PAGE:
It was like a step back in time.
On the quest for wedding reception venues, oldest daughter, her fiancé, and dear ol’ Dad and I visited some spots in the city a couple of weeks ago.
Daughter moved to the city her first year out of college when she landed a job there and a great apartment with one of her best friends. That same job took her away to a Southern city for a few years, but last fall she found a new job back in the metropolis that she loves so much.
So naturally, upon getting recently engaged, her thoughts turned to holding her dream wedding day in a spot in her beloved city. She researched, surfed the net for sites recommended, and made appointments for viewings.
Her dad and I drove in from our country home to meet oldest daughter and fiancé to spend most of a Saturday checking out possible sites. One of those was the historic Pennsylvanian Union Train Station.
Hubby was eager to visit this place because of his love of all things railroad. The building we visited was designed and constructed in the early 1900’s as a train terminal and office building for the Pennsylvania Railroad, which happens to be the railroad my father-in-law worked for and a source of great interest for my husband.
Back in that era, trains were the way to travel, which is why the Union Train Station was erected. From the limited research I read, I found that the station building was designed by Daniel Burnham, a Chicago architect.
Renovated in 1987, the edifice now houses condominiums and office spaces, but the first floor, where the original concourse is located, can be rented out for special events such as weddings. It’s interesting to note that Amtrak trains still depart and arrive near this spot.
The 13-story structure is simply stunning with marble floors, arched openings, and elaborate terra cotta and plaster work. The ballroom, originally the grand concourse once crowded with passing travelers, boasts 11,000 square feet available for celebrations. The space is covered by a 40-foot vaulted ceiling, much of which is a massive copper and iron skylight.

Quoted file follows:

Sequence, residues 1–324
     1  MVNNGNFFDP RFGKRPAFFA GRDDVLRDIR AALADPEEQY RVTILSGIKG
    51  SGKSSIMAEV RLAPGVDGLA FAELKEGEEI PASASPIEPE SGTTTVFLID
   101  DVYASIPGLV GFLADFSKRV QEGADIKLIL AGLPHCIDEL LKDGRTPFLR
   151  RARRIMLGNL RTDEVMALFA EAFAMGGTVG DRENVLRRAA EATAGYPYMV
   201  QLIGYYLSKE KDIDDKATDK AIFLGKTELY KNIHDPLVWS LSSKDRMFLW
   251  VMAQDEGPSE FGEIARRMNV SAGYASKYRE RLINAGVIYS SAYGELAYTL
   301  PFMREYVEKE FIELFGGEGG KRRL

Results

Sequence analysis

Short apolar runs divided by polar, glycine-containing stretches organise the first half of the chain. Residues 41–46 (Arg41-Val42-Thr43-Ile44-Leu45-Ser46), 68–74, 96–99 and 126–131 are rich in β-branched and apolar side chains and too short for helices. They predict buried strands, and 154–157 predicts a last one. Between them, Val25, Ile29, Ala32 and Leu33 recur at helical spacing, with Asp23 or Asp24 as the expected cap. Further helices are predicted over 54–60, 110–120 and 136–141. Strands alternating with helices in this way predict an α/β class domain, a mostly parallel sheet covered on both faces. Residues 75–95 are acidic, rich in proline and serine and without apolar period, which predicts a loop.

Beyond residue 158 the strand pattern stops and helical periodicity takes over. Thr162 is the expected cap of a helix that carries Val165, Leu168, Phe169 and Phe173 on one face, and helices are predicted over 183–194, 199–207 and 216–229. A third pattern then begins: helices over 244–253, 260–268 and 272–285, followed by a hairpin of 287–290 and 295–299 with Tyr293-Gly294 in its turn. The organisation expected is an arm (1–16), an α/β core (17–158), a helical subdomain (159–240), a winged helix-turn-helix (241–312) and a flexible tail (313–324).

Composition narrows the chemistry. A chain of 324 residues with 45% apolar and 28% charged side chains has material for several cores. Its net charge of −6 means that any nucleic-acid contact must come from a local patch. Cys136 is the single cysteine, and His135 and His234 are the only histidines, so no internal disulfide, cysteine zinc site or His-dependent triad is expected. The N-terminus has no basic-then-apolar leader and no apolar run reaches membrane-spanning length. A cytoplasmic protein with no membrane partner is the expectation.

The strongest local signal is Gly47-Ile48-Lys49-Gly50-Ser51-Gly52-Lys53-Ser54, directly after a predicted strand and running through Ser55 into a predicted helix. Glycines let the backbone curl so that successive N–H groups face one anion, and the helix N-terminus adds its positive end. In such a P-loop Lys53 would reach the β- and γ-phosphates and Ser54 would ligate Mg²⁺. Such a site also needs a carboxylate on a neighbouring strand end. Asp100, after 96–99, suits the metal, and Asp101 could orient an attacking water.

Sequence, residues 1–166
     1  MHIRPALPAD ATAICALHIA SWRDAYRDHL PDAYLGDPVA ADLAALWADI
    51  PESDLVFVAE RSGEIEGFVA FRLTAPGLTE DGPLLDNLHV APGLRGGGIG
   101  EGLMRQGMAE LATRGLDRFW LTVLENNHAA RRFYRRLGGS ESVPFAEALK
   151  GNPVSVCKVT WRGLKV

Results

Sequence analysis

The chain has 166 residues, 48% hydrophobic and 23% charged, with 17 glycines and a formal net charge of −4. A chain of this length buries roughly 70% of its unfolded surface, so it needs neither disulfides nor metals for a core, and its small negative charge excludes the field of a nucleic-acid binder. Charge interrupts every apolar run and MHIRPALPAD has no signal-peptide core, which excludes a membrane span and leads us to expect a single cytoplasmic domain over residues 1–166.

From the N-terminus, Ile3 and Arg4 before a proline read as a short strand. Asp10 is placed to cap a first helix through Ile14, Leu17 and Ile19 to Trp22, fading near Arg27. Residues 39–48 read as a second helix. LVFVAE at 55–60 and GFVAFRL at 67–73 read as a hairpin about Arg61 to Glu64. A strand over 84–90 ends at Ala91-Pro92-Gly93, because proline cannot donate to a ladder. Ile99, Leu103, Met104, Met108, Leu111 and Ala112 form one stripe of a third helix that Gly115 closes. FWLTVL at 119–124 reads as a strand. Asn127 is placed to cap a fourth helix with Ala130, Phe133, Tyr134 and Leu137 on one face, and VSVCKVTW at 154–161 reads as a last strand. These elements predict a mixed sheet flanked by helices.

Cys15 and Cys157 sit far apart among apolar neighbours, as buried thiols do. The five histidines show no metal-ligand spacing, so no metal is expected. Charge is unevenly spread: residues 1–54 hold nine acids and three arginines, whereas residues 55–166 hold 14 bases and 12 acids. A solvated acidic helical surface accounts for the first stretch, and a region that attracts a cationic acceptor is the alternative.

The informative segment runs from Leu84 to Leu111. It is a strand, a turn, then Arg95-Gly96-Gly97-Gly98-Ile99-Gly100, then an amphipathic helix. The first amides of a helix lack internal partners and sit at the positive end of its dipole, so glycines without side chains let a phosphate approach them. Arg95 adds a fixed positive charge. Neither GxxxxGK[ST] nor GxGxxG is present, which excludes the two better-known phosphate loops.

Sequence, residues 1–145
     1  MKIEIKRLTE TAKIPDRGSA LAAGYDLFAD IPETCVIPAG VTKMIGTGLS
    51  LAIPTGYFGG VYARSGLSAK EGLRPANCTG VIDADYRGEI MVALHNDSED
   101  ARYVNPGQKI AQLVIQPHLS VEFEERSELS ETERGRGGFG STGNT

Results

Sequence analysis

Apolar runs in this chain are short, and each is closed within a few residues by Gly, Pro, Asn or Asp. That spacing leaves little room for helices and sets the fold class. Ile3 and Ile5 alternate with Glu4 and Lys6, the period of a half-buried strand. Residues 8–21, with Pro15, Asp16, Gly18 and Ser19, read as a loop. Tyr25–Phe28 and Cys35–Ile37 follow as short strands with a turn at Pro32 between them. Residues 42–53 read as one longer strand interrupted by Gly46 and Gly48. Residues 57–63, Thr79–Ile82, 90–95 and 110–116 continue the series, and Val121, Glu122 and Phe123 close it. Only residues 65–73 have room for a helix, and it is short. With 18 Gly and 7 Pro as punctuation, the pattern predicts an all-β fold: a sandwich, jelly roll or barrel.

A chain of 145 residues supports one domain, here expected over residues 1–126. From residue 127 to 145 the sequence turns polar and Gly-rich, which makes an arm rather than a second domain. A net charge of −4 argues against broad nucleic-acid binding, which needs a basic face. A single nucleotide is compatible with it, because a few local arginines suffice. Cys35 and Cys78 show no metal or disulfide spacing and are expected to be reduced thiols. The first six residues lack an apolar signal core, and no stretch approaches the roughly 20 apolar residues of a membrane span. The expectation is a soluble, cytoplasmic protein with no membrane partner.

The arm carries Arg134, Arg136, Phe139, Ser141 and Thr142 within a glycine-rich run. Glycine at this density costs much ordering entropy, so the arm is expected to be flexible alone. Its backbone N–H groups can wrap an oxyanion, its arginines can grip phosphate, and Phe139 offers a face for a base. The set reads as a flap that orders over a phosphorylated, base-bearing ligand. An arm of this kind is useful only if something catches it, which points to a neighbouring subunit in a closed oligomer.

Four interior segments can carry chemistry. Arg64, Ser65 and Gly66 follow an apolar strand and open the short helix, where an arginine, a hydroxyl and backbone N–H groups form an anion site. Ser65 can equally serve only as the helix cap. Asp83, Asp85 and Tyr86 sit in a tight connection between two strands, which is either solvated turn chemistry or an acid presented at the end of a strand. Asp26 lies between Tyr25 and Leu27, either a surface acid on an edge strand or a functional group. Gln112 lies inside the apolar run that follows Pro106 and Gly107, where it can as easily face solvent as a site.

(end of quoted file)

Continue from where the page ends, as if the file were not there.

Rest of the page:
As we investigated this space like no other, I could see that my husband’s imagination wheels were turning. He wanted to see every inch of the place.
I noticed him sitting in one of the gleaming, polished wooden benches and looking around, and I supposed he was imagining the concourse full of busy passengers coming and going to cities like New York, Philadelphia, or Chicago. Supposedly, nearly 10,000 travelers journeyed through that area every day back in the station’s heyday.
But my favorite spot was the magnificent entry rotunda, designed by draftsman Peter Joseph Weber and listed on the National Register of Historic Places.
The Neoclassical style domed structure features corner pavilions and allowed for turning spaces for horse-drawn carriages. This spectacular construction begs to be photographed and I couldn’t stop taking pictures there.
The Pennsylvanian, as this majestic structure is now named, proved enthralling. No doubt it would be a magnificent and photogenic spot for a wedding reception, but it wasn’t the place for our daughter’s wedding reception. In railroad terms, “Pennsy style” is a type of railroad signal developed by the Pennsylvania Railroad. So for us, the signal we received was no go.
Just getting to view the inside of this stately and historic landmark though in my book called Opportunity was a treat we all enjoyed and time spent together exploring added to the joy.
And so the quest for a spot to celebrate wedding bliss continued. But that I’ll save for another day’s post because for now, I must spend time with middle daughter working on her wedding decorations.
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